Final Statement of Louis Porter a Private of Captain George T. Robinson’s Company E of the 10th Regiment of US Cav., born in Lynchburg in the State of Virginia, aged 21 years 5 feet 6 1/3 inches high, Black complexion, Black eyes, Black hair, and by occupation a laborer, was enlisted by Capt. Davis, at Memphis Tenn., on the First day of May, eighteen hundred and sixty-seven, to serve for 5 years, who is now entitled to a discharge by reason of Expiration of term of Service.
..was last paid by Paymaster Major___ to include the 29th day of February, eighteen hundred and seventy two, and has pay due form that time to this present date.
Signed at Fort Sill IT (Indian Territory) 1st May 1872 by George T Robinson Captain 10th Cavalry
On reverse, rules that apply to this form, then:
For value received I hereby transfer these final statements to J.S. Evans _ , signed with ‘X’ beside ‘Lewis Porter’
Witnessed by me and I certify that this transfer has been noted on the soldiers discharge T.J. Spencer 1st Lt. 10th Cav.
Nice condition. Folded in three horizontally. Slight paper loss on one fold.
8 1/4" X 11" / 21 X 28 cm.
Buffalo Soldiers originally were members of the U.S. 10th Cavalry Regiment of the United States Army, formed on September 21, 1866 at Fort Leavenworth, Kansas. This nickname was given to the "Negro Cavalry" by the Native American tribes they fought in the Indian Wars.
Fort Sill, Oklahoma is a United States Army post north of Lawton, Oklahoma, about 85 miles southwest of Oklahoma City. The site of Fort Sill was staked out on 8 January 1869 (factual evidence of actual date needed), by Maj. Gen. Philip H. Sheridan, who led a campaign into Indian Territory to stop hostile tribes from raiding border settlements in Texas and Kansas.
George T. Robinson - court-martialed for fraud in 1875 , dishonorable discharge
The 10th U.S. Cavalry was formed at Fort Leavenworth, Kansas, in 1866 as an all-African-American regiment. The 10th U.S. Cavalry regiment was composed of black enlisted men and white officers, which was typical for that era. By the end of July 1867, eight companies of enlisted men had been recruited from the Departments of Missouri, Arkansas, and the Platte. Life at Leavenworth was not pleasant for the 10th Cavalry. The fort's commander, who was openly opposed to African-Americans serving in the Regular Army, made life for the new troops difficult. Colonel Benjamin Grierson sought to have his regiment transferred, and subsequently received orders moving the regiment to Fort Riley, Kansas. This began on the morning of 6 August 1867 and was completed the next day in the afternoon of 7 August.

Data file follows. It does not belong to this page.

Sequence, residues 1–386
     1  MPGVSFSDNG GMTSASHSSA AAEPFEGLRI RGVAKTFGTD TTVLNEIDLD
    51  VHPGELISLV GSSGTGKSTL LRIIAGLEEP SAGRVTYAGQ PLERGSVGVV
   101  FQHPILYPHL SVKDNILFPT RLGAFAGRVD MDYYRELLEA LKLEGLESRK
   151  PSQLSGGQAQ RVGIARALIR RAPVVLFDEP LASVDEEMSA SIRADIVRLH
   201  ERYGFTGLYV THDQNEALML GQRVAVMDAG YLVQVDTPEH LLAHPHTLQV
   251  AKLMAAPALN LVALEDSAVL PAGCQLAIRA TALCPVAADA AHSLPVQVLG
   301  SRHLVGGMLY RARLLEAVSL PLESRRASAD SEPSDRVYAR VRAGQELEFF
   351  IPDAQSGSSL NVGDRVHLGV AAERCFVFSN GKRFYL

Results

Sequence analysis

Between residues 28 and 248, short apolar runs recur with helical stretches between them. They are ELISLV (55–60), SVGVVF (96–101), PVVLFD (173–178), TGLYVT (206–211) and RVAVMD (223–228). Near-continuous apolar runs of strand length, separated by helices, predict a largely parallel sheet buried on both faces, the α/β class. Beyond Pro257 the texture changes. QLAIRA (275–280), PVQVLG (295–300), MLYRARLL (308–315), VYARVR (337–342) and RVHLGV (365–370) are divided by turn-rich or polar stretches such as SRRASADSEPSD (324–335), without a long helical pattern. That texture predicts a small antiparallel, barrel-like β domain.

One of the first battles of the 10th was the Battle of the Saline River. This battle occurred 25 miles northwest of Fort Hays in Kansas near the end of August 1867. After a railroad work party was wiped out, patrols from the 38th Infantry Regiment (in 1869 reorganized into the 24th Infantry Regiment) with a 10th Cavalry troop were sent out to locate the "hostile" Cheyenne forces.
In 1867 and 1868, the 10th Cavalry participated in Gen. William Tecumseh Sherman's winter campaigns against the Cheyennes, Arapahos, and Comanches. Units of the 10th prevented the Cheyenne from fleeing to the northwest, thus allowing Custer and the 7th Cavalry to defeat them at the decisive battle near Fort Cobb, Indian Territory.
For the next eight years, the 10th was stationed at numerous forts throughout Kansas and Indian Territory (now Oklahoma), including Fort Gibson starting in 1872. They provided guards for workers of the Kansas and Pacific Railroad, strung miles of new telegraph lines, and to a large extent built Fort Sill. Throughout this period, they were constantly patrolling the reservations and engaging "hostiles" in an attempt to prevent Indian raids into Texas.